& Multi-resolution Blending and the Oraple Journey

## Partial derivative in \( x \) |
## Partial derivative in \( y \) |

## Gradient Magnitude Image |
## Original |

In this part, we apply a smoothing operator, i.e. the Gaussian filter, to create a blurred version of the original image. This allows us to compute the partial derivatives and gradient magnitude on less noisy images.

## Partial derivative in \( x \)## Computed from blurred image |
## Partial derivative in \( y \)## Computed from blurred image |

## Gradient Magnitude Image## Computed from blurred image |
## Gradient Magnitude Image## Previous version |

## Derivative of Gaussian filter \( D_x \) |
## Derivative of Gaussian Filter \( D_y \) |

## Blurred Taj Mahal image |
## Sharpened 0.5x |
## Sharpened 1x |

## Sharpened 1.5x |
## Sharpened 2x |
## Sharpened 2.5x |

## Mt. Tamalpais |
## Mt. Tamalpais (Blurred) |

Now, to sharpen the image again:

## Blurred Mt. Tam image |
## Sharpened 0.5x |
## Sharpened 1x |

## Sharpened 1.5x |
## Sharpened 2x |
## Sharpened 2.5x |

## Derek Picture |
## Nutmeg Picture |
## Hybrid Picture |

## Ed Sheeran |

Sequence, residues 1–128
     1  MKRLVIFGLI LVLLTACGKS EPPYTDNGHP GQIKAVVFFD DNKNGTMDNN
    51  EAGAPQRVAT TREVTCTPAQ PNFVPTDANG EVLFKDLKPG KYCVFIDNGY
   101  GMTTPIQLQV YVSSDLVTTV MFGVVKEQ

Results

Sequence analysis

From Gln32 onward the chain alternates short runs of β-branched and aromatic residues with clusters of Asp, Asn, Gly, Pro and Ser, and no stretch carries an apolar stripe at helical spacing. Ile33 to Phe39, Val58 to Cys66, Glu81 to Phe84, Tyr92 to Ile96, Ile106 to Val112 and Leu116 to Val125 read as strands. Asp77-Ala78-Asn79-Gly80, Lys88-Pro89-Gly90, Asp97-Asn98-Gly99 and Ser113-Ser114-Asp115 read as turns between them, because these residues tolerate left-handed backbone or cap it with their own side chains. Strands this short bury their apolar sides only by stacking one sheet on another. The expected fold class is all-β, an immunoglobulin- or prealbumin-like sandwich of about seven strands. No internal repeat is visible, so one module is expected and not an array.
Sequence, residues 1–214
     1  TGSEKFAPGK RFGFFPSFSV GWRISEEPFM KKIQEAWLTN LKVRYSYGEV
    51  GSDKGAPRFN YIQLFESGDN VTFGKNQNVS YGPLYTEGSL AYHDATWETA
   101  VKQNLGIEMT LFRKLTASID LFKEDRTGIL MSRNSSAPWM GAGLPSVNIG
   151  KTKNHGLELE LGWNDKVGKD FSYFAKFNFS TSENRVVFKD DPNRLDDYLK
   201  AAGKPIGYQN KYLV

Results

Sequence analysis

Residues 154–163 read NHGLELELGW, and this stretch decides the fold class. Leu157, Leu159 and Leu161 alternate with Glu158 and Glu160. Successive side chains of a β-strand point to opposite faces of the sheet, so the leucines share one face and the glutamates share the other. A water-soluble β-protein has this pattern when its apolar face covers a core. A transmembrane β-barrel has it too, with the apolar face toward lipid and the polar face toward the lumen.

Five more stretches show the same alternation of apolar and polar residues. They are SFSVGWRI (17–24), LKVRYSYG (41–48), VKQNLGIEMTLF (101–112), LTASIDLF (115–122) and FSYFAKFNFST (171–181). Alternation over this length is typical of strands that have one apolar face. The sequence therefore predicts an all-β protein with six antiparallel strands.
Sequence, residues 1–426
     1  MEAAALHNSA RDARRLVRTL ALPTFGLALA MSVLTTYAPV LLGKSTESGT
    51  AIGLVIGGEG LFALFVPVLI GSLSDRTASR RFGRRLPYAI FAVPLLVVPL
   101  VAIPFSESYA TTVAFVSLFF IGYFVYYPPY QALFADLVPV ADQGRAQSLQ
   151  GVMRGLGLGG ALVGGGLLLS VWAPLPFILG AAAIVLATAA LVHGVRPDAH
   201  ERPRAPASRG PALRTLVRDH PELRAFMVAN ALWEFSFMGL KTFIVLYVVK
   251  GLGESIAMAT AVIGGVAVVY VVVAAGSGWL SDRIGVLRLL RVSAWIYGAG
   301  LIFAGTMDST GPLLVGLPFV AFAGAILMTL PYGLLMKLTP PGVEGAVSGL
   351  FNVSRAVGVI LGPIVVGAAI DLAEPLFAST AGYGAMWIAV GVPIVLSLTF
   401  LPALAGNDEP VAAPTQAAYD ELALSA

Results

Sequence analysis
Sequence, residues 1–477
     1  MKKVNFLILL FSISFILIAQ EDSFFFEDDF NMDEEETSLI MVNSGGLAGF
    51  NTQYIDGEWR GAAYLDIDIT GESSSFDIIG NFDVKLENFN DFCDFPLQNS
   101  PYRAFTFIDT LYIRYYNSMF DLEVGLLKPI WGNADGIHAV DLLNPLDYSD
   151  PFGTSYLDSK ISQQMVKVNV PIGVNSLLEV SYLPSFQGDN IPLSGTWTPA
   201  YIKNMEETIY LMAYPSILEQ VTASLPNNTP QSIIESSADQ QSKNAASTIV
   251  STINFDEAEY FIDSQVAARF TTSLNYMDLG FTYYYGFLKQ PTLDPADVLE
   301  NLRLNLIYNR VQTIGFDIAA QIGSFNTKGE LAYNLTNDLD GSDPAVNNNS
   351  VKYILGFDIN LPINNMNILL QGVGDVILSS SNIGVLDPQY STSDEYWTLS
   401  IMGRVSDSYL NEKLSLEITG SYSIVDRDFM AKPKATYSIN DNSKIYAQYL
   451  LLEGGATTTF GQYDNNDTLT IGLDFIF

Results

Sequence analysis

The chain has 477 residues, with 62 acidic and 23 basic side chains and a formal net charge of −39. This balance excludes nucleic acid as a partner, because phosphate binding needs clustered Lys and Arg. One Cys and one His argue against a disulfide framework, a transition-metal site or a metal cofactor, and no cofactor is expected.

## Nutmeg Picture |
## Hybrid Picture |

## Input Image: Ed Sheeran |
## Input Image: Squirrel |

## Filtered Image: Ed Sheeran |
## Filtered Image: Squirrel |

## Hybrid Image |

## Uncolored output |
## Colored low-pass filter |
## Colored high-pass filter |

Now, what if we used colors in both high-frequency and low-frequency components?

In this example, this is also a viable approach. However, I like the results that used colored high-pass filter better.

I think for different hybrid images, the visual output will be different each time you try different combinations of weights as well as choices of filters to retain color. It's quite challenging to definitively say which approach will always work the best.
## Porsche 911 |
## Frog |
## Hybrid Picture |

## Joker |
## Frog |
## Hybrid Picture |

## Apple |
## Orange |
## Apple (Masked) |
## Orange (Masked) |
## Blended |

To deliver the final result, we blend the corresponding levels of the Laplacian stacks of the two images using a Gaussian mask, and then collapse the final image.

## Result |

## Input |
## Output |

## Input 1 |
## Input 2 |

## Irregular mask |
## Result |